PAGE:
There can't be better news for a sport than having someone as charismatic as Chris Gayle, who makes the spectators eat out of his hand when he gets going.
However, there's a flipside to someone becoming as big as Gayle has in the Indian T20 league.
While the big Jamaican has thousands of spectators, on the ground as well as millions glued to television, all excited and on the edge of their seats, his dismissal pretty much kills the joy, anticipation and excitement.
In the league, especially post his record 175 not out, he has become a phenomenon Sachin Tendulkar was in the mid 1990s - many would switch off their TV once he got out without bothering about the result. Similarly, fans only want to see Gayle blow at his best.
On Monday, spectators at the Rajasthan Royals' home ground refused to stop screaming as Gayle struck a quickfire 34. But once he was out, the emcee had to shout his lungs out to keep the same spectators awake until the Royals began their chase and won by four wickets in the last over.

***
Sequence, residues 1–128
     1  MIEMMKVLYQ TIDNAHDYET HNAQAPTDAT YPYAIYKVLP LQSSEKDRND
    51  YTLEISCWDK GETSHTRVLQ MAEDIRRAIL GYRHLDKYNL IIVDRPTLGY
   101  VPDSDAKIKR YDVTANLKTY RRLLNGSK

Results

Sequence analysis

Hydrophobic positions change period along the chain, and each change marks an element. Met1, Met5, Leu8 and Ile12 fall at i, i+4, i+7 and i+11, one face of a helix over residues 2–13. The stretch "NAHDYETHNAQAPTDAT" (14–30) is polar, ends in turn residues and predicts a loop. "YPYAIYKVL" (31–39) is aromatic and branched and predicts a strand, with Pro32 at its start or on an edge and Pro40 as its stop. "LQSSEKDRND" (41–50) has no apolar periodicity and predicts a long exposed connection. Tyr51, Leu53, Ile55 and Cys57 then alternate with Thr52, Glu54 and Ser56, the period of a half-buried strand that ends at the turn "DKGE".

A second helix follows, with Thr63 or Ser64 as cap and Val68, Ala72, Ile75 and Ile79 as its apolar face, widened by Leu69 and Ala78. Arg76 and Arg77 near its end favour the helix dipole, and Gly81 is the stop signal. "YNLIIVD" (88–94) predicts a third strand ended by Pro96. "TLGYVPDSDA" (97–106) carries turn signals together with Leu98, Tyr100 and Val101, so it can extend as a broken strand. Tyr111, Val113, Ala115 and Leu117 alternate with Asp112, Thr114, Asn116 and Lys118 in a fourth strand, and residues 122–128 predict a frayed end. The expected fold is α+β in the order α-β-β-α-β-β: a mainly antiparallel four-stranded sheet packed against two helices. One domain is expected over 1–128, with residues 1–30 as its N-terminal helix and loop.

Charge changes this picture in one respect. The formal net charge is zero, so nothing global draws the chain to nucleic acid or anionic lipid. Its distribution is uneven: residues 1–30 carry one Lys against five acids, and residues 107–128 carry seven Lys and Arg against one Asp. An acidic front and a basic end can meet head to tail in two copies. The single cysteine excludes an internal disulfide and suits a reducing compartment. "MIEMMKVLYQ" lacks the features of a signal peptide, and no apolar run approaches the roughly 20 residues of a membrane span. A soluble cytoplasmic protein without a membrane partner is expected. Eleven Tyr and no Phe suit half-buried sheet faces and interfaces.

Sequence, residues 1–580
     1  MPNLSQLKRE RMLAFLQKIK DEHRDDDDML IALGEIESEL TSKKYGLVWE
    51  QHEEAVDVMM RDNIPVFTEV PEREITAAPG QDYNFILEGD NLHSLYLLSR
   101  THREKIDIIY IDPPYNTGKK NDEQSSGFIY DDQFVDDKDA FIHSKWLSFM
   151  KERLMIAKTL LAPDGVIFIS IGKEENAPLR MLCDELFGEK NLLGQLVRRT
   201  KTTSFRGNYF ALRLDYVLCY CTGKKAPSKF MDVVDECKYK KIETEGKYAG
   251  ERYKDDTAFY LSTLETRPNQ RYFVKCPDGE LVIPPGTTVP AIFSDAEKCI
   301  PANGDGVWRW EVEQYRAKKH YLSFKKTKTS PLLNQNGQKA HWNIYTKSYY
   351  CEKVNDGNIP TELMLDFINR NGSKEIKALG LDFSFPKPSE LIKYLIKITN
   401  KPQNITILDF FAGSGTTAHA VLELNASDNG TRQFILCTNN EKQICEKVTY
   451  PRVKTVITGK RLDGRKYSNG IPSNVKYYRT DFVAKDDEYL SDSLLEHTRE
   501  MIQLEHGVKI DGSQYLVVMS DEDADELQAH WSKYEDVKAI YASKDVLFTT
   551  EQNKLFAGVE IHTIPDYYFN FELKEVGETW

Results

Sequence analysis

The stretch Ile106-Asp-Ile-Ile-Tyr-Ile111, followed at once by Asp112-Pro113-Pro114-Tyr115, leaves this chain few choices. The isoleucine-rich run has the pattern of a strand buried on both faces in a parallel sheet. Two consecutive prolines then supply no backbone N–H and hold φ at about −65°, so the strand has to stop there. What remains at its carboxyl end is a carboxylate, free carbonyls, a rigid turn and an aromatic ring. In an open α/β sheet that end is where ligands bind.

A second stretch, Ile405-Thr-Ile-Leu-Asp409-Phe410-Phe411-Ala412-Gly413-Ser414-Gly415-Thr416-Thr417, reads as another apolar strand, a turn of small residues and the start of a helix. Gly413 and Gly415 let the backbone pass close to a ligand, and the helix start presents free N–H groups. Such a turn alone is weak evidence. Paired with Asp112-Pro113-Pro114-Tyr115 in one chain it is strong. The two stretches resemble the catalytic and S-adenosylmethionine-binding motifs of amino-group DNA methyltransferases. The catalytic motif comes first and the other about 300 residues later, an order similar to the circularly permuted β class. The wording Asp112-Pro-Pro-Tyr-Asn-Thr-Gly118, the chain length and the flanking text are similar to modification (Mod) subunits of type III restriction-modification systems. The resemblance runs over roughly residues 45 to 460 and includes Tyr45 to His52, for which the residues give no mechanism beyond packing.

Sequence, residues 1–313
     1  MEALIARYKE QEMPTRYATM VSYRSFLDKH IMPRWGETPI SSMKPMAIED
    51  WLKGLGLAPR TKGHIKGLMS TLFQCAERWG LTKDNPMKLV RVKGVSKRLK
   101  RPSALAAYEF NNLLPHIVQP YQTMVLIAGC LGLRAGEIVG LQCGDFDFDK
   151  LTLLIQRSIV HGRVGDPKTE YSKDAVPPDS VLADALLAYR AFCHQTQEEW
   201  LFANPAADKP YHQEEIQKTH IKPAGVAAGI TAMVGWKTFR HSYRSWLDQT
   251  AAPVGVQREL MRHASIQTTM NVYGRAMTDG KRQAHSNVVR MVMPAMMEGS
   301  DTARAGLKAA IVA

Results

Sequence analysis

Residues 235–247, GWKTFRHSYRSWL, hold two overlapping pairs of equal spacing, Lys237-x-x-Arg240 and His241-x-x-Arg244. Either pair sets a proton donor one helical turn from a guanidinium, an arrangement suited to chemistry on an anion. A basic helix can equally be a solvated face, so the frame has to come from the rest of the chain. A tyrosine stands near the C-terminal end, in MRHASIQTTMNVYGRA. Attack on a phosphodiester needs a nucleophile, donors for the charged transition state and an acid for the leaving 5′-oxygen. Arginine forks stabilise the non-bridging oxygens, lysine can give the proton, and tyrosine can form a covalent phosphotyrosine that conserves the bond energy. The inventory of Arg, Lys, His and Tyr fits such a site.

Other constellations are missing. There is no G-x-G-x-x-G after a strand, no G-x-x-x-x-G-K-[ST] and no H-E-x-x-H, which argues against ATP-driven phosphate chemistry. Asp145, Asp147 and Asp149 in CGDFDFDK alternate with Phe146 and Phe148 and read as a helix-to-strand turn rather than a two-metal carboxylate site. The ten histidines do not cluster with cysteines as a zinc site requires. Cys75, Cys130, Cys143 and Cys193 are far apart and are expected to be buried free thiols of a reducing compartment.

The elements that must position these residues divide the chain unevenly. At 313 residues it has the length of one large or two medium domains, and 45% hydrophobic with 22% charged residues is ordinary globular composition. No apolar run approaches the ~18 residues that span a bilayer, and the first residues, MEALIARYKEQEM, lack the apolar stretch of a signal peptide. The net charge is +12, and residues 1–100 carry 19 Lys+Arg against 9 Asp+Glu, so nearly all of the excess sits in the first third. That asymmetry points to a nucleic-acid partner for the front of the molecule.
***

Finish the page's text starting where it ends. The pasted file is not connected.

What must have made up for their disappointment of Gayle not regaling them as they would have wished was two men from their own team producing the goods when it mattered.
While Shane Watson has made it a habit to come up with sensational showings in the league, it was the 41-ball 63 from Sanju Samson, a rookie playing only in his second game, which must have pleased them no end.
The 18-year-old wicketkeeper from Kerala showed tremendous maturity and the ability to play rasping strokes. to keep up with the asking rate while chasing a stiff target.
The ever-reliable Watson, on the other hand, bade his time, allowing the greenhorn lead the way.
But when push came to shove, the Australia all-rounder yet again showed what he is capable of. To go with his three wickets, his measured 41 was the bedrock on which the Royals built their victory.
It's just that he could not finish off the job.
But before he fell, the Royals already had a foot in the door, and despite some drama in the last over, they were home.
After his third high-quality performance in a row, it would be a bit unfair if the Australian isn't spoken of in the same breath as Gayle.